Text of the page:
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My understanding is that it is somewhat of an inexact science/art to blend sours and especially to bottle condition them. For the latter, you would need to have a pretty extensive understanding of not only the specific gravity, but the composition of the residual carbs in the finished/blended beer. That being the case, we are likely bottling 15 gallons or so of year-old flanders shortly, not including any blended young beer.

Is the simplest way to ensure a consistent carbonation level to pasteurize the beer then add new sacc yeast with priming sugar? Or would a potassium metabisulfate+potassium carbonate combo work on dropping out all the bugs like it does with yeast in ciders/wine?

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I'm not sure I understand why you would bottle this batch any differently than any other year-old batch? I'd add some fresh sach yeast at bottling, just to be safe, and use the normal amount of priming sugar. I doubt after a year that there's any residual sugar left that's going to contribute to the carbonation. –  Graham Apr 9 at 19:07
    
Are you asking about blending a sour beer with a non-sour beer and bottling immediately? –  Tobias Patton Apr 9 at 22:57
    
@ tobias, yes. I am inferring from your question that if I do blend, I should not bottle immediately? Ie wait for the bugs in the older sour to attack the complex carbs in the younger beer? @ Graham, the reason is that there are likely still dissolved wild yeast/bugs in the older beer that would not only attack priming sugar but also the residual dextrins/complex carbs in the young beer and create bottle bombs. –  Pietro Apr 14 at 13:11
    
@Pietro, That's what I'd speculate, but I don't brew sour beers so have no first-hand experience. –  Tobias Patton Apr 15 at 22:19

2 Answers 2

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You should be good with bottling as normal. I prefer mixing the sugar and beer in a bucket to even out the carbonation levels. After a year the brettanomyces has brought the gravity down very low so I wouldn't worry about bottle bombs. Also, if you pasteurize or sulfite the beer you are robbing yourself of the beer developing further complexities. If you are still worried, you can always buy the thicker Belgian Beer bottles. I know Northern Brewer and MoreBeer sell them.

As far as blending, the idea is to get the fresh, intense lactic sourness of a new beer and blend it with the complex barnyard characters of an old beer. The best way to do this is to taste. Sit down with known portions of each beer and figure out which percent you like the most. My suggestion is bottle at least half straight and use the rest to blend with. That way you can have vintages from different years to work with. I don't suggest bottling anything less than a year old sour.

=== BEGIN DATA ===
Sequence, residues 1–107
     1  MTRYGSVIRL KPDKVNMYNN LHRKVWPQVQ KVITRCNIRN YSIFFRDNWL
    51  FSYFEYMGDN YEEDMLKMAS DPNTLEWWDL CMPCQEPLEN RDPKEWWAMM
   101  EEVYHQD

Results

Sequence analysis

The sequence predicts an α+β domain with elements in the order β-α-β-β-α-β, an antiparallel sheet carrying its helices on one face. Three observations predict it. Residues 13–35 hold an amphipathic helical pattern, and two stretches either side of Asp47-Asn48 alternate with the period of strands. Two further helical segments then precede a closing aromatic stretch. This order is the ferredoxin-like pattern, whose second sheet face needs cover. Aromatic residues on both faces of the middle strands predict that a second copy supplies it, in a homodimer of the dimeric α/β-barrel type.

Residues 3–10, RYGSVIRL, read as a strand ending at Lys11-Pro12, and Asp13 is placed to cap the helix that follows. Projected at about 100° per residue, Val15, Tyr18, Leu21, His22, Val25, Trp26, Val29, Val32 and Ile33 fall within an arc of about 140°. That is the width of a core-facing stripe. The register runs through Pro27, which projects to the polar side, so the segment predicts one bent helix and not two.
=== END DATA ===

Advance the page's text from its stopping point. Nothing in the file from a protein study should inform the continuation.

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Force carb using a carb cap and PET soda bottle. Step by step:

  1. Find the appropriate blend
  2. Scale your blending "recipe" up or down to meet your bottling needs
  3. Add this blend in a PET soda bottle
  4. Apply carb cap
  5. CO2 purge a couple times (apply little CO2, don't shake, let sit, open cap. repeat)
  6. Force carb by shaking (apply high CO2, shake, let sit, test. repeat)
  7. Gently pour into sanitized beer bottle
  8. Cap immediately

Works well for the lower carbonated sours, but step 7 can be a big pain for highly carbonated sours.

You could reuse a soda bottle, but it would be better to get a fresh, unused one.

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so you could theoretically just do this in a keg as well and fill with a beer gun/bottling wand and picnic hose? –  Pietro Apr 10 at 11:57
    
Yeah -- would take a lot more of each part of the mixture, though. And since sours tend to change over time, I wouldn't want to do this... –  stephelton Apr 10 at 16:10
    
I think I would prefer to bottle-condition/naturally carb this beer, but if it turns out that force-carbing is the best way to produce a consistent carb level and beer that is still ages well, I will likely force carb it. –  Pietro Apr 15 at 17:58
    
This method is used by a club member for all his competition entries to ensure perfect carbonation. Bottle conditioning is a bit hit and miss in any case, but especially for a blend. You may benefit from bottle aging anyway, so although I know it's more work than priming your keg, you should get more consistent results with this method. northernbrewer.com/shop/the-carbonator.html –  Wyrmwood Apr 16 at 18:26

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